Career Learning for Adult Self-Sufficiency (CLASS)

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Topics : How are youth providers reaching participants after exit?

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Brian Baldwin
Posted: May 09,2012 09:34PM
Joined: 03/12/2012
Posts: 3
A common problem for our youth programs in Hawai`i County is conducting follow-up after youth exit. What types of strategies or incentives are you using to encourage participants to stay in touch?

I have advised youth providers to use Facebook or other social media to try and reach out, but what other strategies are working?


Hawai`i WIB
Rebecca Keys
Posted: May 10,2012 12:19PM
Joined: 10/05/2010
Posts: 1
We try to not have a big difference in support services after exit. Although there are minor differences in the amount/type of support we can offer to youth in Active versus Follow Up. Also, the amount of times we contact/meet with a youth usually does not change. In the case of more self-sufficient youth, contact might be cut to about once a month.

We also have a direct conversation with youth about why they are moving into Follow Up (that it means they have made marked progress toward goals and are ready to be a bit more independent) and remind them that their services will stay mostly the same. This creates a seamless transition to Follow Up.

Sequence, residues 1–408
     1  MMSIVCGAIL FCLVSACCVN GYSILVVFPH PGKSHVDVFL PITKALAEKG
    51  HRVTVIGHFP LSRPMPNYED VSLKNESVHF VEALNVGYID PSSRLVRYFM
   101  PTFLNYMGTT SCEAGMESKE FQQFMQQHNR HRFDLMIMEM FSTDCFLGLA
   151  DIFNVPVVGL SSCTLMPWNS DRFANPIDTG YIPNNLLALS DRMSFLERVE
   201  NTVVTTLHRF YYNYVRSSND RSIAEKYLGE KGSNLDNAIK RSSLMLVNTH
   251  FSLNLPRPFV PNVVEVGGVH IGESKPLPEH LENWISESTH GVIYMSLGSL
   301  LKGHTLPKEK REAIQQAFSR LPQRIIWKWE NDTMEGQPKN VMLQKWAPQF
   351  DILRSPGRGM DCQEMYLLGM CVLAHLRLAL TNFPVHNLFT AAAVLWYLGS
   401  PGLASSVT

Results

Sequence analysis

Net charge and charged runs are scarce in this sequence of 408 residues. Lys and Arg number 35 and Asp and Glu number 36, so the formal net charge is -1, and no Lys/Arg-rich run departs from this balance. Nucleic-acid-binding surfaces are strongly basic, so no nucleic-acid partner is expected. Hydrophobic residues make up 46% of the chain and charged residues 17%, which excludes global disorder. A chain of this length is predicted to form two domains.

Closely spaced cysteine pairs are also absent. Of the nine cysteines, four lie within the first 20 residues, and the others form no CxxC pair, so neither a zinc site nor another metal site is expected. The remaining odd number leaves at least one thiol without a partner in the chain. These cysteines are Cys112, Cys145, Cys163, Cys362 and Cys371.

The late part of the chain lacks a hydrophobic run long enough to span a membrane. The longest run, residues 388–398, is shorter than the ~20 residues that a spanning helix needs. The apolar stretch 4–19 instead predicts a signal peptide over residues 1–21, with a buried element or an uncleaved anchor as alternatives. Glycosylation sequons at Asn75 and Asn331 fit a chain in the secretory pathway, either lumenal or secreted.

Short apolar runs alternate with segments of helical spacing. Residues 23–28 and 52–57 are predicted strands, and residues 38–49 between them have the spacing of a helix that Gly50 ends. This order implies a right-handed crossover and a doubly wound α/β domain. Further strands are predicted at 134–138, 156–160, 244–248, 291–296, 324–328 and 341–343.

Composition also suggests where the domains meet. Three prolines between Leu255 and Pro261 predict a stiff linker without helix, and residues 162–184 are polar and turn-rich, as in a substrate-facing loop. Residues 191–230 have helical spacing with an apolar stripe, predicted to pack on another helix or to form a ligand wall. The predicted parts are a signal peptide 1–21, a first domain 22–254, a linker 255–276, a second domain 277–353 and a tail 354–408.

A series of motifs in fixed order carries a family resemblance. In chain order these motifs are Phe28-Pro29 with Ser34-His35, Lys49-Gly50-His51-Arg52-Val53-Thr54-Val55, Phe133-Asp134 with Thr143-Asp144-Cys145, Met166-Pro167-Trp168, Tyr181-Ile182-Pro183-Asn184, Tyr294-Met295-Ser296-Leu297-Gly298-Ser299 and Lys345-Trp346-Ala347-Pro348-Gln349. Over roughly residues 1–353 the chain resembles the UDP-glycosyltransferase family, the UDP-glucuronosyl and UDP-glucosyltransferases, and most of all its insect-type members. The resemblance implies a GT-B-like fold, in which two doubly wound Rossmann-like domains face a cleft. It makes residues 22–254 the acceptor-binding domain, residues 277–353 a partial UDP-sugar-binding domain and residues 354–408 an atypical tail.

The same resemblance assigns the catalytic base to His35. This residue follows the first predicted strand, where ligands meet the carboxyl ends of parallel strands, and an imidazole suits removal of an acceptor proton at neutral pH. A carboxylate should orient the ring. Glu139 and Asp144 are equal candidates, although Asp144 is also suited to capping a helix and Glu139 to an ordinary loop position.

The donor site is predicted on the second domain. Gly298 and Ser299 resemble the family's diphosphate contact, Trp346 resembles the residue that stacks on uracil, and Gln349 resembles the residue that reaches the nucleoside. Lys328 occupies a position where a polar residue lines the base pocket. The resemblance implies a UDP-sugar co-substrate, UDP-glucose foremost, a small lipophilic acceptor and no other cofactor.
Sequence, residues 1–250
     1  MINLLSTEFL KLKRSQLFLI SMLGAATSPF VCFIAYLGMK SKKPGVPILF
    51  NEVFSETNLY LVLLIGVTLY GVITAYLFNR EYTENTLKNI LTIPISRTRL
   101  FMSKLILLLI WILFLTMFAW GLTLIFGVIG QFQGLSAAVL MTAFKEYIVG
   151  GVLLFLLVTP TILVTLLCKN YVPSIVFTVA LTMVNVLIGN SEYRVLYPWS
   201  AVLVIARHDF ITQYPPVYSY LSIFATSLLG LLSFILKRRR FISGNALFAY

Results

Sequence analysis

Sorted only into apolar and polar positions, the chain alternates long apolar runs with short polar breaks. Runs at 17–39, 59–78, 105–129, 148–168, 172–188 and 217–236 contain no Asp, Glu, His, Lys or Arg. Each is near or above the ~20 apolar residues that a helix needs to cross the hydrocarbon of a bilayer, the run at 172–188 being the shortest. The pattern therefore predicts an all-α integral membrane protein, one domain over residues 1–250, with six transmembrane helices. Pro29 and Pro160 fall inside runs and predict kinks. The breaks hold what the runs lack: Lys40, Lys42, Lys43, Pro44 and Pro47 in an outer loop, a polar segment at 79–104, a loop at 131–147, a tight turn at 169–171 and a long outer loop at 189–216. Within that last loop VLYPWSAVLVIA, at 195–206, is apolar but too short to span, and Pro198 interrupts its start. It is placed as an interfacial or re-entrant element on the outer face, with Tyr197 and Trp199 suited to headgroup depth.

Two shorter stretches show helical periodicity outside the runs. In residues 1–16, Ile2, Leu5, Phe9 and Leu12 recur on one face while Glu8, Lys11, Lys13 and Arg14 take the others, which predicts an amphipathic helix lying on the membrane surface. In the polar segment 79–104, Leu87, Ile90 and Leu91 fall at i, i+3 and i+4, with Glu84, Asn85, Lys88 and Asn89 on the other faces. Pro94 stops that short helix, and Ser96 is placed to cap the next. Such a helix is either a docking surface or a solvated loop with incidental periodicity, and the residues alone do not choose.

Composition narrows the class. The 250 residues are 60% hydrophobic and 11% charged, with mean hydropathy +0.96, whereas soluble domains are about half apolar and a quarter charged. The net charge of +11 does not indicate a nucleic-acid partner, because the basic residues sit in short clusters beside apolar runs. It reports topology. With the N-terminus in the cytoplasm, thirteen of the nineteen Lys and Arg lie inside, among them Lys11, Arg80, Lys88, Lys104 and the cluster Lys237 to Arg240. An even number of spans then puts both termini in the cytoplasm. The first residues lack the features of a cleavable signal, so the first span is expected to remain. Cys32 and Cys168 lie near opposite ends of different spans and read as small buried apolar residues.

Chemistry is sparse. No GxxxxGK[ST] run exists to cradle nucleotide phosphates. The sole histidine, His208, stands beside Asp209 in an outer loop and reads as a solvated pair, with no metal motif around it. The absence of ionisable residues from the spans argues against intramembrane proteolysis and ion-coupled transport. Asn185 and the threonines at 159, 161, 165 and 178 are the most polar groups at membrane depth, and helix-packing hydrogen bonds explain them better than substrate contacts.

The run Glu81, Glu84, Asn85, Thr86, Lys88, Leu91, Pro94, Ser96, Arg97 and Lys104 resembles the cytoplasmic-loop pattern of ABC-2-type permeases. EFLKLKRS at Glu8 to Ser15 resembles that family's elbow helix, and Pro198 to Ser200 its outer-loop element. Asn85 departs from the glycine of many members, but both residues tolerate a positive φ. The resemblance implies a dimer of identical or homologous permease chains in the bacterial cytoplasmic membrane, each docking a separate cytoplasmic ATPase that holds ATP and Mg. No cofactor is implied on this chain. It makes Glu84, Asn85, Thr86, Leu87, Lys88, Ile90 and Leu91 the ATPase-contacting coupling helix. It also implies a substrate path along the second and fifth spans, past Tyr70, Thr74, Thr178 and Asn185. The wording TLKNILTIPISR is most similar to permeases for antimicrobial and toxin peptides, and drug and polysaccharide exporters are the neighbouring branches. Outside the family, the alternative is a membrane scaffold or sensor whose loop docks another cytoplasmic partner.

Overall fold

We also offer retention bonuses for job retention or completion of college terms. Youth seek Case Managers out for this bonus when the time comes.

P.S. Facebook helps A LOT!
Brian Baldwin
Posted: May 10,2012 02:44PM
Joined: 03/12/2012
Posts: 3
Rebecca, thanks for the response.

The monetary incentives for reaching performance goals is something we had discussed and seems like a great strategy.

Is any one else using incentives like this during follow-up? Also, how are you budgeting for this to ensure that expenditures are not occurring after exit?

Duane Murdock
Posted: Mar 10,2014 03:13PM
Joined: 11/10/2011
Posts: 1
Providing monetary incentives for follow-ups, graduating HS or College, is not a reliable concept. I know it sounds good to give a student a monetary incentive for services and agreeing to follow-ups for money does not place emphases on independence and responsibility for youth as they should have acquired life skills and not expect money for follow-ups or obtaining employment. There are other ways to track participants, i.e. U.I. records, agreement with employers, etc. In Arizona this was an incentive and we found out the youth would accomplish the objectives in their plan, only to know money would be involved. Then you did not hear from them again. A year later they re-enroll and set it in motion again, only to drop out after the receipt on money, gift cards, etc.